Victoria firm plans $2.5 billion gasoline refinery in B.C. north

Credit: Victoria Times Colonist
Blue Fuel's Juergen Puetter with the plane he uses to commute between his Sidney office and B.C.'s north. Photograph By ADRIAN LAM, Times Colonist

Blue Fuel’s Juergen Puetter with the plane he uses to commute between his Sidney office and B.C.’s north. Photograph By ADRIAN LAM, Times Colonist

 

If all goes to plan, Victoria-based Blue Fuel Energy could pull the trigger on construction of a $2.5 billion gasoline refinery in northern B.C. by the end of this year.

Blue Fuel chief executive Juergen Puetter said the company expects to have its engineering work done, plant designs complete and permitting in place by the end of this year in order to make a final investment decision on the plant near Chetwynd.

“We could start construction in 2016, but things have to go reasonably well for that to happen,” said Puetter, who estimates Blue Fuel will spend $50 million this year just to get to the point they need to raise $2.5 billion for capital construction costs.

Blue Fuel’s refinery project is the fourth to be proposed for northern B.C. In 2012, Victoria newspaper magnate David Black launched a campaign to establish Kitimat Clean, a $22 billion refinery on B.C.’s west coast, which was followed by the $10 billion coastal refinery proposed by Pacific Future Energy. The fourth is Eagle Spirit Energy’s proposal to connect a pipeline from Alberta to an upgrader either in northeastern B.C. or northern Alberta.

Puetter, who is chief executive of Aeolis Wind Power and Canadian Methanol Corporation, believes the investment capital is out there. “I don’t believe that’s a problem,” he said in an interview. “And I think we can do it locally.” By locally he means North America, though he said they have had interest from overseas.

The money would go to building a processing facility that would convert natural gas to gasoline and produce nearly one billion litres of gasoline annually, the equivalent of 20 per cent of all gasoline consumed in B.C. in a year.

Because the process consumes carbon and the facility is fueled by electricity, Puetter said it has a small carbon footprint and will create an ideal drop-in fuel for places such as B.C., Oregon and California that have a low-carbon fuel standard.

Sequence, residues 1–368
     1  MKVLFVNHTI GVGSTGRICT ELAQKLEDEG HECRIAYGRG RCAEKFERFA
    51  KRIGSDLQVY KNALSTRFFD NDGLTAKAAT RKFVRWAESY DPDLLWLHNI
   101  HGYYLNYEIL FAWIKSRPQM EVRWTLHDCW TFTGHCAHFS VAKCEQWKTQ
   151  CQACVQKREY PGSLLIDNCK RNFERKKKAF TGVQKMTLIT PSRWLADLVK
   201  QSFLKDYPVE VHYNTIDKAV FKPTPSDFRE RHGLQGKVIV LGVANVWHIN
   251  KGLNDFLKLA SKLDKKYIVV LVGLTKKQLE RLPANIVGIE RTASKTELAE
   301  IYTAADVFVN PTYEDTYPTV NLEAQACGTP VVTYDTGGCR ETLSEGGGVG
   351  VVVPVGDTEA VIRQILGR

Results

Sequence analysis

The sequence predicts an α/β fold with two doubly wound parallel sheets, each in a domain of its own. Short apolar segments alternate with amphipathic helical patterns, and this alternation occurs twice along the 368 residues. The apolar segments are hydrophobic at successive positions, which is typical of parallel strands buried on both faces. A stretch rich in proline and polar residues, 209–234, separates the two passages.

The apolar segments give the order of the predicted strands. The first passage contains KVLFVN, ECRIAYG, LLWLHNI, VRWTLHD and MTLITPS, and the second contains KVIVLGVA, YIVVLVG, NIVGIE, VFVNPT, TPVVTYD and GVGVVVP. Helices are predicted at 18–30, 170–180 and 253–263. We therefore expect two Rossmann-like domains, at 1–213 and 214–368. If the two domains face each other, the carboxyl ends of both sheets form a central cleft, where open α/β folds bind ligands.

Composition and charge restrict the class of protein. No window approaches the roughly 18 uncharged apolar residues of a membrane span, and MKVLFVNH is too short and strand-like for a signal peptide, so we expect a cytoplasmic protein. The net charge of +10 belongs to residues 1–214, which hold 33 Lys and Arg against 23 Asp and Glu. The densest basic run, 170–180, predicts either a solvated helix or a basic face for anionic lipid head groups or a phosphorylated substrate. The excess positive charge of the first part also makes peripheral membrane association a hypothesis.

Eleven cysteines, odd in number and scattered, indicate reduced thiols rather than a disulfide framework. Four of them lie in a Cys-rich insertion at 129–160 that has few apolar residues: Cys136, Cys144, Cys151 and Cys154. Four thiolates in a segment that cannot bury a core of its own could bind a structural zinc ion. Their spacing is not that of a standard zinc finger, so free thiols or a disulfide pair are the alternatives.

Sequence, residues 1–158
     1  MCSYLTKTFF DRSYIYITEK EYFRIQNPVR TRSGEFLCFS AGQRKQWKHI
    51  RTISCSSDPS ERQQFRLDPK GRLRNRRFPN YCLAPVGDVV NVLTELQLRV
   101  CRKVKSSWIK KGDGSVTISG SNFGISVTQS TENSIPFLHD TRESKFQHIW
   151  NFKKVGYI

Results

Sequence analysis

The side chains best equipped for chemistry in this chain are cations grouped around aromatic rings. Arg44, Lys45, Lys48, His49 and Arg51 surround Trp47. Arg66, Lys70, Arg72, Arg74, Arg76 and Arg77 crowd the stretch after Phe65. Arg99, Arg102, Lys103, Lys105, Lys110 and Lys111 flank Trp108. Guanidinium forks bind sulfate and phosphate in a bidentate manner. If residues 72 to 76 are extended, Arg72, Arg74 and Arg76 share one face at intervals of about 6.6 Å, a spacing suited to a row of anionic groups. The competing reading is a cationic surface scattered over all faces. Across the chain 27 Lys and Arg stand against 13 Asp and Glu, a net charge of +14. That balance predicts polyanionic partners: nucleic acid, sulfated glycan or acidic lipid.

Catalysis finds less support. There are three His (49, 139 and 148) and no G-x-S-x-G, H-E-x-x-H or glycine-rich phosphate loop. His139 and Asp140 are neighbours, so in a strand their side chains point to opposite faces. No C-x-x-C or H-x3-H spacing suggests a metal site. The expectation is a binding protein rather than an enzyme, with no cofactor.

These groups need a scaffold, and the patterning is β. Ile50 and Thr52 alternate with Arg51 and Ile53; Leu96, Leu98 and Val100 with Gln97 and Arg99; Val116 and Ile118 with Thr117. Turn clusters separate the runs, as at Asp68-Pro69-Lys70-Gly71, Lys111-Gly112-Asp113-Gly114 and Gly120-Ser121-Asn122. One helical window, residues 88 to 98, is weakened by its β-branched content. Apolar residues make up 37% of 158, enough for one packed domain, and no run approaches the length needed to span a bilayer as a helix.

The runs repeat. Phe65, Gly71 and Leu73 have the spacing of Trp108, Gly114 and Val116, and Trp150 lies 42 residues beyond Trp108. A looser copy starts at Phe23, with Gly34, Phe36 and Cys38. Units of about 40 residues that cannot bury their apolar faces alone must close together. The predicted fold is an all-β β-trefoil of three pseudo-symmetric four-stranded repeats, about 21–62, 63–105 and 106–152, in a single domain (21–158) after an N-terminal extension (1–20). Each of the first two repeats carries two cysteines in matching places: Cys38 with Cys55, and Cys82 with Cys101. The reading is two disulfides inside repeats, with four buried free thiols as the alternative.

Using technology licensed from Exxon Mobil, the process includes first making methanol and dehydrating it into a carbon-reduced gasoline.

“We are doing something that is good for the planet, showing you can marry renewable resources with fossil fuels,” Puetter said, adding he can see a time when gasoline could be made from only renewable resources.

The 1,055-acre site for the plant near Chetwynd, close to B.C.’s natural gas fields, would allow the company to use existing rail infrastructure to ship the final product without the need for pipelines.

Blue Fuel communications director Alan Bryce said they don’t have any firm plans on a natural gas source. “We are currently in discussion with a couple of potential suppliers,” he said. “That is a key element of the equation, but it’s not going to be very difficult to solve. People want to get rid of their gas up there.”

Puetter’s Canadian Methanol Corporation also has plans to establish a $1.8 billion methanol plant at the same site to produce methanol to be used as a raw material by a hungry manufacturing market.

Construction of the two sites will require as many as 1,500 workers and the two facilities combined will employ 275 to 300 people full time.

Puetter said if the Site C hydroelectric dam goes ahead and the Alberta oilfields return to capacity, the cost of labour and finding skilled workers could be a problem and could mean the need for temporary foreign workers. “My preference is to work locally, though,” he said.

The plants could also be a boon to local First Nations, which Puetter said have been very supportive.

“What I learned from the wind-power business is if you don’t have social licence, you’re not going anywhere,” he said. Puetter has talked about offering both land and waste heat —a byproduct of the production of gasoline — to First Nations for greenhouses to establish greenhouse produce businesses. “With free energy in the northeast that can be extraordinarily profitable,” he said.

The plant is in the permitting stage with the provincial government, and Blue Fuel is working with the B.C. Oil and Gas Commission, Agricultural Lands Commission, Canadian National Rail and the District of Chetwynd.

Chetwynd Mayor Merlin Nichols has thrown his support behind the project.

The company has a memorandum of understanding with the West Moberly First Nation, which allows “both parties to explore additional opportunities and commercial benefits arising from the prospective production of renewable hydrogen and gas-derived liquid fuels on West Moberly First Nation’s traditional territory.”

The project has also been given what the company terms “broad-based” support among other Treaty 8 First Nations in the region. Puetter said similar memorandums are close to being completed with the Saulteau First Nation and the McLeod Lake Indian Band.

The company also has two former senior Methanex Corp. executives on board: Michael Macdonald, Methanex’s former vice-president of global operations, and Ron Britton, former vice-president, who is Blue Fuel’s new chief technology officer.

— Files from Alaska Highway News and Business in Vancouver